Panacea Or Not? What You Should Know About Matcha Green Tea
Written by: Joanne Beccarelli
Over the last several years, green tea has gained notoriety and popularity for providing healing benefits. So much, in fact, that it has become commonplace and can now be found in most stores and coffee shops, used as an ingredient in prepared foods and is even made into ice creams.
Yet, just as green tea has become well known, matcha green tea is now emerging as the new way to reap all the goodness green tea has to offer.
What is matcha green tea and how is it different?
Simply speaking, matcha green tea is a powdered form of highest quality green tea where the entire tea leaf is consumed. Green tea that is grown for matcha use is carefully cultivated in shade for maximum chlorophyll concentration and varied flavor (check out Why You Need to Add Wheatgrass to Your Healing Supplies to read why chlorophyll is good for you).
The tea is then hand selected, steamed to stop any fermentation, de-stemmed, dried and aged before being ground into the fine powder that is used. By cultivating the tea differently and consuming the tea leaves, matcha provides a concentrated form of nutrients one would get from steeped green tea.
Within the matcha group of teas, there are still more distinctions. The grades of matcha green tea, often described as “kitchen” to “cafe” to “classic” and ultimately to “ceremonial grade,” distinguish varying tastes and textures, giving users options and choices, depending on the ultimate use. For instance, there is no reason to waste the most expensive ceremonial matcha tea that contains subtle flavors and silky texture on use in a smoothie or as a side ingredient in a cooked dish. For these uses, kitchen or cafe grade make more sense.
What health benefits will matcha green tea provide and what is the debate?
In the end, matcha green tea is a concentrated source of the nutrients that are in all green teas and many experts cite a long list of health benefits from these, which are summarized below. Yet, many of the more eye-opening claims come with inconsistent levels of scientific validation and proof, ranging from very conclusive, positive proof and other studies pointing to questionable merit.
This leaves us without medical consensus for health claims, begs for further exploration by the scientific community and puts the decision about what to embrace back into the hands of the individual as personal choice.
Here are some of the potential health benefits from drinking matcha green tea:
- Heart health, cholesterol and blood pressure support
- Metabolism boosting and weight loss support
- Detoxifying and cleansing
Here is what is not being debated…
Matcha green tea is rich in catechins, more scientifically known as epigallocatechin gallates (EGCg), which are flavonoids and polyphenols known as antioxidants. Further, a study by the University of Colorado published with the US National Library of Medicine states “that the concentration of EGCg available from drinking matcha is 137 times greater than the amount of EGCg available from China Green Tips green tea.”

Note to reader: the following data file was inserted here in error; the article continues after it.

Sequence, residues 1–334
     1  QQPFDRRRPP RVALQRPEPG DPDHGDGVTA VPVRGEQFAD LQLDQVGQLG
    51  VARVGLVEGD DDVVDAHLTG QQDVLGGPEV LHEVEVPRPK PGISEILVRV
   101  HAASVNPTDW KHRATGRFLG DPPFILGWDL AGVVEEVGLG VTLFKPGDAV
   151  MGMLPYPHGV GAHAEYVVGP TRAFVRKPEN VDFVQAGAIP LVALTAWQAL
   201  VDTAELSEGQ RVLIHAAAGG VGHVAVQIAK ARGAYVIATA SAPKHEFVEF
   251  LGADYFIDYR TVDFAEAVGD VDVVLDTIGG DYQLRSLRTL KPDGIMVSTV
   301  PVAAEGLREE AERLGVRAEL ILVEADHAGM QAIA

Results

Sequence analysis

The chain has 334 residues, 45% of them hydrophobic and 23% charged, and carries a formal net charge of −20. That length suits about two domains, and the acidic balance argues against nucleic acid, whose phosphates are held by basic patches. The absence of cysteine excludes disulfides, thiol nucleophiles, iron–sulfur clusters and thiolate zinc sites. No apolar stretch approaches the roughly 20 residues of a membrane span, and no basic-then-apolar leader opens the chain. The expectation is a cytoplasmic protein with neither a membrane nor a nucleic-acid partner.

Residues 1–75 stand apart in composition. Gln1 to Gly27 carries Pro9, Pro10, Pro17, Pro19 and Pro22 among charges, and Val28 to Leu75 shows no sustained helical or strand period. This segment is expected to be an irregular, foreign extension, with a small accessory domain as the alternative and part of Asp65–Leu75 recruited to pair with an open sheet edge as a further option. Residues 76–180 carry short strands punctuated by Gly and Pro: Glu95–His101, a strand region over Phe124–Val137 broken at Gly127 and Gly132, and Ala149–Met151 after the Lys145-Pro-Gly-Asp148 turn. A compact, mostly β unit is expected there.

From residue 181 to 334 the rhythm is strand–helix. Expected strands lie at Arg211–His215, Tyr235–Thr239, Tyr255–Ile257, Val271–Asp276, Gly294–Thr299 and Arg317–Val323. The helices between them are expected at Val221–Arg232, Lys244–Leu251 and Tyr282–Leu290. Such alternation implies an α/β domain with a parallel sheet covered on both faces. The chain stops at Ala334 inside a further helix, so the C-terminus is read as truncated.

Panacea or not?
So, if antioxidants are good for us and matcha green tea provides them in amounts beyond steeped tea, then why can’t we just claim matcha green tea is great for us?
Basically, it falls back to two issues. First, we do not yet know definitively how helpful the antioxidants in green tea are for humans. That is the medical claim issue. Second, the Food and Drug Administration Labeling guidelines are very specific about how to use terms like “high-potency’ and “antioxidant” for foods.
So, if you are wondering why you are not seeing any of those terms on the labels for green tea products, there is the reason.
In the end, here’s how I look at it. Green tea and matcha green tea are drinks I enjoy and consume rather than black teas or coffee. Matcha is also in products I use and buy such as dried greens like Organifi, which also seems to give me a lift and good energy, much like drinking fresh vegetable juices do. If matcha provides extra health benefits along the way, I will be thrilled, but right now, I am satisfied with how I feel and the potential for more good.
NOTE: If you have any serious medical condition, are pregnant or trying to get pregnant, you should discuss with your Doctor whether matcha green tea is okay for you. Similarly, if you take medication, ask your Doctor or pharmacist about contraindications.
Joanne Beccarelli is a holistic health coach, juicing junkie, writer, soon to be cookbook author and recovered emotional eater. Inspired by many great voices in the health-thru-food revolution, Joanne found her way out of hiding in shame (losing almost 100 lbs in the process) and stepped away from the corporate world. She now dedicates every day to helping others who are overwhelmed, overworked, and overstressed, find awareness, fulfilment and better health.
Joanne has a Certificate in Plant Based Nutrition from eCornell/T. Colin Campbell Foundation, and became a Certified Health Coach through the Institute of Integrative Nutrition. She is also a member of American Association of Drugless Practitioners (AADP), and the International Association of Health Coaches (IAHC).
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